Thursday, July 23, 2015

Douglas AD (A-1) Skyraider Pylons

The configuration and orientation of Skyraider weapons pylons comes up from time to time. They are usually not depicted correctly in model kits. This is a work in progress.

The pylon on the inboard wing was perpendicular, i.e. hanging straight down (except on the unique pylon for the big podded radar: see The pylons on the outboard wing panel were perpendicular to the wing instead; they were also not evenly spaced.
The view from the side.

The outboard wing pylons were also not "swept" at the same angle as the leading edge, i.e. the most outboard one was closer to the wing leading edge than the most inboard.

The center-line pylon on the later ADs:

Note the interface with the oil cooler outlet: the forward end of the pylon is much deeper because it sweeps up into the duct (don't be mislead by the shadow).
 I'm told that the Trumpeter 1/32 center pylon does not angle upward from front to rear as it should.

Early ADs had much smaller and less capable AERO pylons on the outboard wing panel. See

AD-1s through -4s had a smaller inboard wing pylon than the 5/6/7. The later, longer pylon introduced on the -5 was reportedly necessary to move certain stores farther forward for ground clearance. It also added provisions for the 30-inch lug spacing required for some stores. In addition, it may have been desirable to move the loaded center of gravity forward, particularly on the -5.
Thanks to Ed Barthelmes for a pretty good drawing of the early pylon. However, it has been hard to pin down the exact location of the early pylon on the wing from available drawings. The above drawing is my best guess at the moment.

Here is a direct comparison of the World War II era 1,000 and 2,000 lb bombs on the earlier pylon.
Early ADs did not have an external center pylon so that a torpedo could be carried. The shackle was mounted within the fuselage along with provisions for an explosive cartridge that propelled a bomb downward away from the airplane when dive bombing so that it would not hit the propeller.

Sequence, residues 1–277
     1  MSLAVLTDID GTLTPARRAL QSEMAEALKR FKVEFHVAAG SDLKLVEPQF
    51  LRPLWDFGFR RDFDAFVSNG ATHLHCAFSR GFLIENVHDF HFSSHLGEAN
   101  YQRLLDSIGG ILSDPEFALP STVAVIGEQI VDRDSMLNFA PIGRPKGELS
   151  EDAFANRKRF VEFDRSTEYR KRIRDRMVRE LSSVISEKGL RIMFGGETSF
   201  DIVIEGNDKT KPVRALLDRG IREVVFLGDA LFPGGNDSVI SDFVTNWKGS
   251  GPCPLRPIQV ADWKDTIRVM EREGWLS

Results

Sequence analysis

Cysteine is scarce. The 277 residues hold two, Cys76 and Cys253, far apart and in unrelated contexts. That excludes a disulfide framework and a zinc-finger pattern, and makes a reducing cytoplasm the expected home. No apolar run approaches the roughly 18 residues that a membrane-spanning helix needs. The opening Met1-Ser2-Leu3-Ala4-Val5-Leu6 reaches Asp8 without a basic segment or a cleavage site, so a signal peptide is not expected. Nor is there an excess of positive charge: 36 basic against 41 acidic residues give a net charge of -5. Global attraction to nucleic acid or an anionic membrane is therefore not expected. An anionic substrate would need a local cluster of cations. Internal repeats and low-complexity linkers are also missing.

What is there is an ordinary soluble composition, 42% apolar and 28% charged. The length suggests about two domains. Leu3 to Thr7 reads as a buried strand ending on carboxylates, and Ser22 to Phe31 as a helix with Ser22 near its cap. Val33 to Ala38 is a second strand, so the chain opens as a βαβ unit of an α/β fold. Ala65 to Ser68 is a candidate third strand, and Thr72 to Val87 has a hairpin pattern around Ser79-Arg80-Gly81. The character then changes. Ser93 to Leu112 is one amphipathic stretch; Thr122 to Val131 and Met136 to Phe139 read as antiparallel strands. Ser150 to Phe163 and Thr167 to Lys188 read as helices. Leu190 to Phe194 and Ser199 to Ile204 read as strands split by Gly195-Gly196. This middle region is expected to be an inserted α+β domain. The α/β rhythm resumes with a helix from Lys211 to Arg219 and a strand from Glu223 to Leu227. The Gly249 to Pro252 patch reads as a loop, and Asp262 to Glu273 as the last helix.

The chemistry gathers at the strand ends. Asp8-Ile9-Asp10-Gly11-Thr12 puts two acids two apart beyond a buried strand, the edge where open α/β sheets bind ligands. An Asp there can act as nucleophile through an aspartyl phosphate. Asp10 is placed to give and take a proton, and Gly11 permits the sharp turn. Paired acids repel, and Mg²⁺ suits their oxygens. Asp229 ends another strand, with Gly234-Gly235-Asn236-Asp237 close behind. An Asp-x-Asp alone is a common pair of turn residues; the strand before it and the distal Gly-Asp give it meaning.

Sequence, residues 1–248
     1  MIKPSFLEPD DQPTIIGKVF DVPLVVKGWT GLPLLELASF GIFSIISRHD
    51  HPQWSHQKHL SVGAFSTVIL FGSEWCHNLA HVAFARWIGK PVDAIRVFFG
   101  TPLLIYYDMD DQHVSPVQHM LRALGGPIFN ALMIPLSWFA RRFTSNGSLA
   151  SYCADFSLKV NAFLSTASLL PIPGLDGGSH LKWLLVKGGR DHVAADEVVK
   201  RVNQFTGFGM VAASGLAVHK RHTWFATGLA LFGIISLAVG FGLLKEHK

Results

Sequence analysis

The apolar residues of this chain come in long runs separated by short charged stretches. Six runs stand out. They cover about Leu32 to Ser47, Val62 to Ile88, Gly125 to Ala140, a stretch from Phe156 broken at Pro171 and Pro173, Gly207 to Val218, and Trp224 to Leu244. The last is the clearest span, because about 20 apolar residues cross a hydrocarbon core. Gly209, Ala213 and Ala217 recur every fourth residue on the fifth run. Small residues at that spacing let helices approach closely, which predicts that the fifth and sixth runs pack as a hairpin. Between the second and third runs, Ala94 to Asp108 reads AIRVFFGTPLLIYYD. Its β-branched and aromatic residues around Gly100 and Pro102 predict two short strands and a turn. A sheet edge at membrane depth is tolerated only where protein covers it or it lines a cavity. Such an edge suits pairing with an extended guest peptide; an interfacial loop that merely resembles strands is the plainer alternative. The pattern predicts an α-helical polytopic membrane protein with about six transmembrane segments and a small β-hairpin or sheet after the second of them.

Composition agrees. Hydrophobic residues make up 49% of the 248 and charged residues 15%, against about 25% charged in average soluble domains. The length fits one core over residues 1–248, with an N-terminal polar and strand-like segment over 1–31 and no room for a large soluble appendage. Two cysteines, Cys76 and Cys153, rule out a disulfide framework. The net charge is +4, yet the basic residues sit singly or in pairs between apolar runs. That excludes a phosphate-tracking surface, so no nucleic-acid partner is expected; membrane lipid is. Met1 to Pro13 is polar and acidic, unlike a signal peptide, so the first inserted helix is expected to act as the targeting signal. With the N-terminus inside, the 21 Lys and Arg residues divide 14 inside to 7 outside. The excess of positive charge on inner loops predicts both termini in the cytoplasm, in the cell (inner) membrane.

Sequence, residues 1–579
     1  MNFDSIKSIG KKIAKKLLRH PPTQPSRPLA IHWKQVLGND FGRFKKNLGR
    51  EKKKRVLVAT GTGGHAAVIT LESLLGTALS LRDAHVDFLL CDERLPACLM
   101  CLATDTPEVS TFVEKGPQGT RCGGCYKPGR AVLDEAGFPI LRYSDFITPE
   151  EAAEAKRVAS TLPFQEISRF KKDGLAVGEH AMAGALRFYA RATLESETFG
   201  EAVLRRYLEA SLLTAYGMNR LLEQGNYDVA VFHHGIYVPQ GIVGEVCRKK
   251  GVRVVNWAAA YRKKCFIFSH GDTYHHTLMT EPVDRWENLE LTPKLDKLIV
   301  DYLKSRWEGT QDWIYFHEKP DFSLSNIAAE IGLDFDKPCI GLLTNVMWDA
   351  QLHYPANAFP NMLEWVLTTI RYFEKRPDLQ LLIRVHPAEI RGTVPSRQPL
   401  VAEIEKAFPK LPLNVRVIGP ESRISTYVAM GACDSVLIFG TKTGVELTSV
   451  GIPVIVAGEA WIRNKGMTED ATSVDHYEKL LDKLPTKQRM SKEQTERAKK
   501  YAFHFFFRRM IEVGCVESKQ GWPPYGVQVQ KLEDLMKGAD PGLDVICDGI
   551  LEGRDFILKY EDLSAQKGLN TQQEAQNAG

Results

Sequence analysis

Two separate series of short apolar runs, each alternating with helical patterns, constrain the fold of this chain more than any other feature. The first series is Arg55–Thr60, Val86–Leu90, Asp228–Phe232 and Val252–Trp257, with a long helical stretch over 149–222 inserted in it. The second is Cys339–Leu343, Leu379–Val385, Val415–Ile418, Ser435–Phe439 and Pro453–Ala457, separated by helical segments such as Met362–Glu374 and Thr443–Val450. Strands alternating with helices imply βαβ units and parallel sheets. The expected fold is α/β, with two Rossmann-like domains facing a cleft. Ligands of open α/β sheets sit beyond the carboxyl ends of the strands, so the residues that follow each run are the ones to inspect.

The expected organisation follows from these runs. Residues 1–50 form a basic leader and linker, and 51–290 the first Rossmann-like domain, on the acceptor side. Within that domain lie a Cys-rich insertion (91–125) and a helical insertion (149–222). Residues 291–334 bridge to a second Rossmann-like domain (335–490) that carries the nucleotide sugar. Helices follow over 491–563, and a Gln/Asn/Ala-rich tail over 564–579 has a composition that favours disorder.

Illustration from Ed Barthelmes

As a result, the bomb or torpedo was snugged up directly beneath the fuselage.
U.S. Navy via Steve Ginter


  1. Hi, I'm currently making a model of an AD-3 Korean War era. I've seen some photos that show the centre-line pylon absent and instead the bomb attached straight on to the fuselage. Can you confirm if this is true, thanks in advance.

  2. Oops - missed that difference. On the early ADs, the center shackle was mounted in the fuselage so the bomb was snugged up against the belly. See the added detail provided in the post.

    1. Thanks for that, much appreciated.

  3. From David Collier, with respect to what I call the centerline rack: "We called them, ejector rack or Douglas bomb ejector, never centerline rack. Our AD-4s had the rack as shown in the pictures which could only carry bombs with 14” space between lugs. Our AD-5Ns (Which were brand new when we received them in 1955) had the ejector rack modified to have suspension hooks spaced at 14” and 30”. The larger spacing was used for nuclear stores and the large streamlined tanks. The AD-4Bs that we had had the same bomb ejector as the AD-5N but without the streamlined fairing.

    Our AD’s never carried any nuclear shapes. We never loaded a 2000 pound bomb or low drag fuel tank on the center rack, only on the Mk-51 wing racks. We never fired a bomb ejector cartridge because the ejector had to dissembled and cleaned if a cartridge was fired. All tanks and bombs carried on the centerline rack could only be released by using the manually operated emergency rack release."